The Galaxy S21 Ultra marks the third iteration of Samsung’s Sure Camera phone, so we felt the need to make a comparison.
We’ve limited it to just two competitors – the newest model against the Galaxy Note 20 Ultra about six months ago. Three-way with the S20 Ultra went through our heads, but maintaining our sanity was curiously prevalent.
As the number of models in this simple confrontation exponentially grows (due to a large number of cameras, climate change, and rescheduling due to software updates), we appreciate our conservative choice of participants.
Since the Note 20 Ultra has improved in more ways than the S20 Ultra, and the recent generation of the S series, which is now a year old, is less of an attractive buying choice, we recognize that our selection has its own merits. With the support of the S21 Ultra S Pen, isn’t this a new note in disguise?
The latest look comes with much new hardware, including the same primary camera at first glance. The entire camera setup has never been seen before.
This primary unit now uses the second-generation 108MP sensor, the HM3 (low pitch 0.7 µm HM2 doesn’t count in our book).
Its main improvement over the HM1 is the Smart-ISO Pro, which controls the dual native ISO capability of the imager using two gain levels in a single photo – as Samsung clearly describes in the video.
However, this is not only a changed sensor – the lens is now equally wide for 24mm (26mm on previous ultras). Its aperture remains f / 1.8 and is still fixed – we are losing the double initial capacity of older galaxies. Optical fixation is still there.
Another novelty in Ultra v.3 is the autofocus of the ultra-wide-angle camera, which we have lamented for at least a few generations’ galaxies. It uses a 12MP 1 / 2.55 “sensor with 1.4 µm pixels.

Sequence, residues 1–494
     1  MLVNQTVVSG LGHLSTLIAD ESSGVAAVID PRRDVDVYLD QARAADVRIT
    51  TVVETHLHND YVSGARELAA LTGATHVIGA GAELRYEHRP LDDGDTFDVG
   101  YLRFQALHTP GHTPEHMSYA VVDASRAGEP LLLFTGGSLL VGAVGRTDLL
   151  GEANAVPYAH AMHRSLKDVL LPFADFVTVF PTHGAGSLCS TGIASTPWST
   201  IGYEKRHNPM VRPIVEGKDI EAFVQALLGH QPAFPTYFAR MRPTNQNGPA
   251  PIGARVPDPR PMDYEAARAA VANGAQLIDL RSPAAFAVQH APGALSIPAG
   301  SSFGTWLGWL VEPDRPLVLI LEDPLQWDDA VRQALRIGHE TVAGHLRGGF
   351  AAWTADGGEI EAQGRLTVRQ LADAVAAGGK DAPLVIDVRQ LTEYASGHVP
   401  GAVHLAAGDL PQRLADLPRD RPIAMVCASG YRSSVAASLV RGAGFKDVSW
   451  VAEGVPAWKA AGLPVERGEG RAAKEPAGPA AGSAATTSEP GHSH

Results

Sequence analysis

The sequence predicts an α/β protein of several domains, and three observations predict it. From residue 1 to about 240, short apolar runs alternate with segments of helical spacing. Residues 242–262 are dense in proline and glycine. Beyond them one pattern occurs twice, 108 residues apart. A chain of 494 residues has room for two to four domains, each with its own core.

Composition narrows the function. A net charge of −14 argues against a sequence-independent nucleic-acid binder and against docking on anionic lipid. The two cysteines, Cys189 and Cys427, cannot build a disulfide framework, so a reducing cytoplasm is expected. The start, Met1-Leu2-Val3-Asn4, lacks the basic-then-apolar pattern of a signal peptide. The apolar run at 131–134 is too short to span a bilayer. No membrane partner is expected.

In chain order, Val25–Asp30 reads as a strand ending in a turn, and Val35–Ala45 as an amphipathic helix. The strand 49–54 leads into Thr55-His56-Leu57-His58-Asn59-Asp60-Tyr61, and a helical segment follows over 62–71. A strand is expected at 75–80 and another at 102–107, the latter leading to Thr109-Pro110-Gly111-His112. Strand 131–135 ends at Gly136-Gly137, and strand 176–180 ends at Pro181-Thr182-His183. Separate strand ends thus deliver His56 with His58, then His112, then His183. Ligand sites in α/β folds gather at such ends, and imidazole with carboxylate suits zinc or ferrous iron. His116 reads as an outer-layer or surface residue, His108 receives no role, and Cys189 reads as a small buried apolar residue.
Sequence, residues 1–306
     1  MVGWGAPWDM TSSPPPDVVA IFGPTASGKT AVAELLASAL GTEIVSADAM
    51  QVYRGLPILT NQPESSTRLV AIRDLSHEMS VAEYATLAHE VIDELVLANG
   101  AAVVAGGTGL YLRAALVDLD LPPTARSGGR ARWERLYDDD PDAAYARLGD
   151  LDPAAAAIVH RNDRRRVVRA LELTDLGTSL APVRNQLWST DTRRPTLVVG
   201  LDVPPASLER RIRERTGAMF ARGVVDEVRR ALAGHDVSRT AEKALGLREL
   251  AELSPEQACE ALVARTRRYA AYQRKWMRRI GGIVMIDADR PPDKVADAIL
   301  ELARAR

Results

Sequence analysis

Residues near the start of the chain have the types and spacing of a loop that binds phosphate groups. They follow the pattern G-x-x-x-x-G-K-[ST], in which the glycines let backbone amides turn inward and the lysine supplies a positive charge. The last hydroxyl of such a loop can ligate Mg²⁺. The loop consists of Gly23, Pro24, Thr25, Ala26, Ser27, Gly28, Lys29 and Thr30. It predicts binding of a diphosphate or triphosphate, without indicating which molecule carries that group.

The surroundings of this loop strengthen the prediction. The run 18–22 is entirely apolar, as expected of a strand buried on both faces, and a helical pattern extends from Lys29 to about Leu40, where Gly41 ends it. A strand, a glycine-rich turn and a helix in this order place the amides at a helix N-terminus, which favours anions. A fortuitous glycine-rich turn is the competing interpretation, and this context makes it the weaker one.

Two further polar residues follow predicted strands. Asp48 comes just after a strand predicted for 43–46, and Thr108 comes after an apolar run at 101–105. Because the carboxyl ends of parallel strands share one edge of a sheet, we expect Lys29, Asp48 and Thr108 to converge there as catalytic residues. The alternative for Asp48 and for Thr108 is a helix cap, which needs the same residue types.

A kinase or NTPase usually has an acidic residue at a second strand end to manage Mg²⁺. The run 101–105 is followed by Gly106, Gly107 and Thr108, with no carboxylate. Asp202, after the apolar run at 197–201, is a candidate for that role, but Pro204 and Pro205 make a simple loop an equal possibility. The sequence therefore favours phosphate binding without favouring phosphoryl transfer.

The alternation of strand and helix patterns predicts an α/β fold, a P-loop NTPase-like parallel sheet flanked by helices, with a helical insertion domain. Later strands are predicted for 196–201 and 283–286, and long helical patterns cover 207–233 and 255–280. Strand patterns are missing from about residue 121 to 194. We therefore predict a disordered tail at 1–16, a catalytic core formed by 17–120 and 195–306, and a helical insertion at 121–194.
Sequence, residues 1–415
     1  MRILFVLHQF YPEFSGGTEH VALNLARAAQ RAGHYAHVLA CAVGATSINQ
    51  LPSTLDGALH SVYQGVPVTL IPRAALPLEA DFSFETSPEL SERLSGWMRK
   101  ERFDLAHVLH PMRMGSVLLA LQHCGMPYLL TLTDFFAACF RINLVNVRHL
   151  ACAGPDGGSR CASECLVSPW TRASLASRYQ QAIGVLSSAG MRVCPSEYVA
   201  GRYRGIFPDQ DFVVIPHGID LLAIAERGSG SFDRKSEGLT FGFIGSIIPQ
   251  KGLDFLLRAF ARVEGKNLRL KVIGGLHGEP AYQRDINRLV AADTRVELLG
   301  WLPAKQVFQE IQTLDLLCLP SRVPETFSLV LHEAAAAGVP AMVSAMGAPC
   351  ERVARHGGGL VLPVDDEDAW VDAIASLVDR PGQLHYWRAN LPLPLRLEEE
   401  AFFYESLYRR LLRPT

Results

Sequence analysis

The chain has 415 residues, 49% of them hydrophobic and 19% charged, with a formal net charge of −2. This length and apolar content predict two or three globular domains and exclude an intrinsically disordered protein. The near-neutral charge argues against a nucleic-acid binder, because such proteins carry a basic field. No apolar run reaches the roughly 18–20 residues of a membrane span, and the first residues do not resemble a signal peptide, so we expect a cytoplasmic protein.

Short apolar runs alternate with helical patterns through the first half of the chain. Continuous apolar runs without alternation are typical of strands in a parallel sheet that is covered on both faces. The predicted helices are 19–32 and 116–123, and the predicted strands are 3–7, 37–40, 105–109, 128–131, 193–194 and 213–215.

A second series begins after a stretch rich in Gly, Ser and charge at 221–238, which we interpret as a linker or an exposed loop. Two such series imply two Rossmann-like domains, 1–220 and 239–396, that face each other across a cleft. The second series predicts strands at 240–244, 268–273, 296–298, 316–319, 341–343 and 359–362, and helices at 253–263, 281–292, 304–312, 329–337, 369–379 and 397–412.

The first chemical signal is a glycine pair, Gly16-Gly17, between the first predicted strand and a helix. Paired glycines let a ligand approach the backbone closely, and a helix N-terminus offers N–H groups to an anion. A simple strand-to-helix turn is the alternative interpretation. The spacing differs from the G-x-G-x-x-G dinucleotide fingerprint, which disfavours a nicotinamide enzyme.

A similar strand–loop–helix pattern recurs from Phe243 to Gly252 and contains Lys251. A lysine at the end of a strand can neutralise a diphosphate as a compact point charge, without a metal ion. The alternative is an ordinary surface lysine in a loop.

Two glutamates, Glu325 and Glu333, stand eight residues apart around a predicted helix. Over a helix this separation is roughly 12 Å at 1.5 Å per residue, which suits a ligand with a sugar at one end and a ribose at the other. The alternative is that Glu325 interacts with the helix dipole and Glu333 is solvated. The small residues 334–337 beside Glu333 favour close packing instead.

With the note, only these new pixels are now capable of dual Pixel AF. Samsung sees 120 degrees of the field on lenses, but the aperture f / 2.2”.
That brings us to television. The S21 Ultra has two of them, each with a 10MP 1 / 3.24 “sensor with 1.22 µm pixels. One is 3x mid-range tele (about 70mm focal length, aperture f / 2.4), the other uses a dual-sensor 10x zoom (240mm, F / 4.9) Fold periscope lens design to get both lenses stabilized.
The Note 20 Ultra has a single telephoto camera with a zoom level of 5x – approximately 120mm.
This difference in local zoom levels made an excellent and straightforward comparison. There is. Even the camera app didn’t help in that regard. And?
Camera App UI
The camera app note does not have a 3x zoom button preset or a 5x shortcut on the S21 Ultra. However, both have a 4x control for some unknown reason – we don’t use it because it’s not on the local zoom boosters list on either phone.
However, in reality, beyond comparative analysis, the lack of a specific zoom-level preset should not be considered against Samsung’s generally good camera app.
The fact that secondary zoom level buttons fall into the way of switching modes is annoying in general use, so that’s it.
The basics are familiar – swiping left and right switches between available modes, and there is an option to reset, add, or remove specific ways from the display.
Many of the methods you need are not present in the S21 Ultra (like night and portrait mode), but let’s say Samsung’s way of encouraging you to configure the camera app to your preference. Speaking of which, this is a ‘portrait’ mode starting with the S21 generation – former Samsungs called the fake bokeh mode ‘live focus.’
Vertical slides alternate between front and rear cameras in any direction. Strangely, not all phones out there support this simple gesture – galaxies do.
There is also a family tree designation for common control – note three to three for the Ultra-wide, two trees for the primary camera (medium width), and the same tree for the telephoto. The S21 Ultra adds another unique (but more detailed) tree to your 10x.